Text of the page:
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Google’s GDPR Gameplan: What AdX and AdSense Publishers Can Do

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It’s three weeks till May 25th. And right on time, Google announced its GDPR policy to its publishing partners. We’re breaking down the policy here so publishers know what’s going on:

Google’s GDPR Gameplan

In a recent mail to all its publishing partners using DFP/AdX and AdSense, Google’s policy says:

You are not required to seek consent for a user’s activity on Google’s sites (we obtain that ourselves when users visit our sites). We are asking only that you seek consent for your uses of our ads products on your properties. We already require that certain consents are obtained from your users in the EEA, and we are updating those requirements in line with the GDPR.

ICYMI: You need explicit consent to collect and process the following data:

  • Mobile device ID
  • Location
  • IP addresses

Google uses this (along with all the data it collects from signed-in apps like Maps, Gmail, etc) to let advertisers target their ads to users. This is called “personalization”. Google serves ‘personalized ads’ to all site visitors by default through AdSense or AdX.

Post-GDPR, publishers will need EU-user’s explicit consent to serve personalized ads.

But what if you switched to serving only contextual ads to European users?  You may need some consent to store cookies or use device IDs to comply with an updated ePrivacy Directive. Here’s what Google says:

Although non-personalized ads don’t use cookies or mobile ad identifiers for ad targeting, they (contextual ads) do still use cookies or mobile ad identifiers for frequency capping, aggregated ad reporting, and to combat fraud and abuse. Therefore, you must obtain consent to use cookies or mobile ad identifiers for those purposes where legally required, per the ePrivacy Directive in certain EEA countries.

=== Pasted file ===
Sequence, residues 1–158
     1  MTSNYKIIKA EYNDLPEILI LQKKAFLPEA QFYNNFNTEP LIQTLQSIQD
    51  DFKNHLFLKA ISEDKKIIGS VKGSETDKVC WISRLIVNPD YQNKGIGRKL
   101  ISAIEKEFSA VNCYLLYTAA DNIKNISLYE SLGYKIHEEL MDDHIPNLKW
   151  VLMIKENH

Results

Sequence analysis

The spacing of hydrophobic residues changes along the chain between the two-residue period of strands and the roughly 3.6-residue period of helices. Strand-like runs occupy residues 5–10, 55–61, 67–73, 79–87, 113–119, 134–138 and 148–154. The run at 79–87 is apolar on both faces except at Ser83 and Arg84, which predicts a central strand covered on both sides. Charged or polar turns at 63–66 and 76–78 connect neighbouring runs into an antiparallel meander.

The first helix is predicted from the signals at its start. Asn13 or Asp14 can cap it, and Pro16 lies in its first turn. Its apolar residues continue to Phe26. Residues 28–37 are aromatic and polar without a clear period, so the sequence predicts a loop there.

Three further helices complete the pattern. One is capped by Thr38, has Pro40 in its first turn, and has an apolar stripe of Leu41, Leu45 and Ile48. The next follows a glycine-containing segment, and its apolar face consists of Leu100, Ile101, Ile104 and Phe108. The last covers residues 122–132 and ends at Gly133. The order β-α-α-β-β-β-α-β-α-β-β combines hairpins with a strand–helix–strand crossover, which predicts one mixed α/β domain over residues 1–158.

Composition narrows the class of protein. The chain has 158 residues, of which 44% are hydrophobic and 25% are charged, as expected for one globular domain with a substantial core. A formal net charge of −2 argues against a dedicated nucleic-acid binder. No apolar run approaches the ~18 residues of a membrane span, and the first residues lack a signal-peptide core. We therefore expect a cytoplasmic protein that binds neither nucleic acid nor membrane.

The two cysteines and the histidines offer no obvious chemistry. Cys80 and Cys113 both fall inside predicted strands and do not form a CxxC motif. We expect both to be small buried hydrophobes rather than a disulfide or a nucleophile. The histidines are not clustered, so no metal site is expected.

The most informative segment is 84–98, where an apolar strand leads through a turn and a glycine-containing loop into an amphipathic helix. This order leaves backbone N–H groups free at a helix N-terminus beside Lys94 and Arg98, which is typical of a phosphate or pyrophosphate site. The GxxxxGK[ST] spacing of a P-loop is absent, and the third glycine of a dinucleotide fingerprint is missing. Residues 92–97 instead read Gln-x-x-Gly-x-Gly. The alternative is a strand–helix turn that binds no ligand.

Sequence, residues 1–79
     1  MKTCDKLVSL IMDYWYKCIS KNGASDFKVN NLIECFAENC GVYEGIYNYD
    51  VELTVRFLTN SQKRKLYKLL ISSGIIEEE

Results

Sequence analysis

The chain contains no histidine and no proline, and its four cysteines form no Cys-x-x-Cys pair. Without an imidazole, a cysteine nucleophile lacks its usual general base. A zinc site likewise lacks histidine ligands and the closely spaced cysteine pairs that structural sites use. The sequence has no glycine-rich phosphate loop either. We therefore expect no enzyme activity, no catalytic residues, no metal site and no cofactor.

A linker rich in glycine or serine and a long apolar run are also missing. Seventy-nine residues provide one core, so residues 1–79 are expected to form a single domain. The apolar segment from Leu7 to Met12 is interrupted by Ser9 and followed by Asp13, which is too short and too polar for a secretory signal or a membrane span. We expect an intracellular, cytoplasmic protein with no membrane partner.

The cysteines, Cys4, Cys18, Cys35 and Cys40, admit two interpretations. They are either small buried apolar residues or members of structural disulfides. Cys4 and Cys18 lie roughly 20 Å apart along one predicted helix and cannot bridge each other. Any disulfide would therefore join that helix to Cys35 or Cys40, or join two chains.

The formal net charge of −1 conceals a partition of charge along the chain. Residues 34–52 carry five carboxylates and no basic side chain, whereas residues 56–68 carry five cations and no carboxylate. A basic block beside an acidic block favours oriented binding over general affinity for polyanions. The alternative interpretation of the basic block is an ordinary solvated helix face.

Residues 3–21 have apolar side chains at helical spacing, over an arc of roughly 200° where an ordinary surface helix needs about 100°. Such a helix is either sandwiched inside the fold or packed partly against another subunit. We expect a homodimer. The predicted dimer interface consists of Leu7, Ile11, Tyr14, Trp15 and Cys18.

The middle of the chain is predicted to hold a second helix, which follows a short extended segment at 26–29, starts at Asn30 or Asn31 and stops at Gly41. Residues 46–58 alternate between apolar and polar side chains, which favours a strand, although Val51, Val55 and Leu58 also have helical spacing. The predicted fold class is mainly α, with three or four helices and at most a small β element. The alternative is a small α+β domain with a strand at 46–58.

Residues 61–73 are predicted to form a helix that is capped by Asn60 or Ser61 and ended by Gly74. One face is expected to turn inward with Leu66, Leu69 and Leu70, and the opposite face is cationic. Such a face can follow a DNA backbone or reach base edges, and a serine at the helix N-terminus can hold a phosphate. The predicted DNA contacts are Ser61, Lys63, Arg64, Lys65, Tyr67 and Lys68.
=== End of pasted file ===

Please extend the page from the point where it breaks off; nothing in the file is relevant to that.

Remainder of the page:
The takeaway? Google needs you to collect users’ consent. Publishers violating this term can be banned from using DFP/AdX and AdSense.

If you fail to comply with this policy, we may limit or suspend your use of the Google product and/or terminate your agreement.

Publishers Point Out Legal Oddity, Lack of CMP Support

Google is positioning itself as a (joint) Data Controller. This is because Google decides how it shares the impression data and with who without publisher input. One example is dynamic allocation in DFP.

Here’s a what being Controller means as per GDPR terminology:

  • Controller: Someone that determines the purposes, conditions and means of the processing of personal data. In this case, it’d be the publisher.
  • Processor: Someone that processes data on behalf of the Data Controller.

“Google as controller” is especially true for AdSense, where publishers get basic controls over their inventory and no way to understand what’s happening behind-the-scenes of each auction.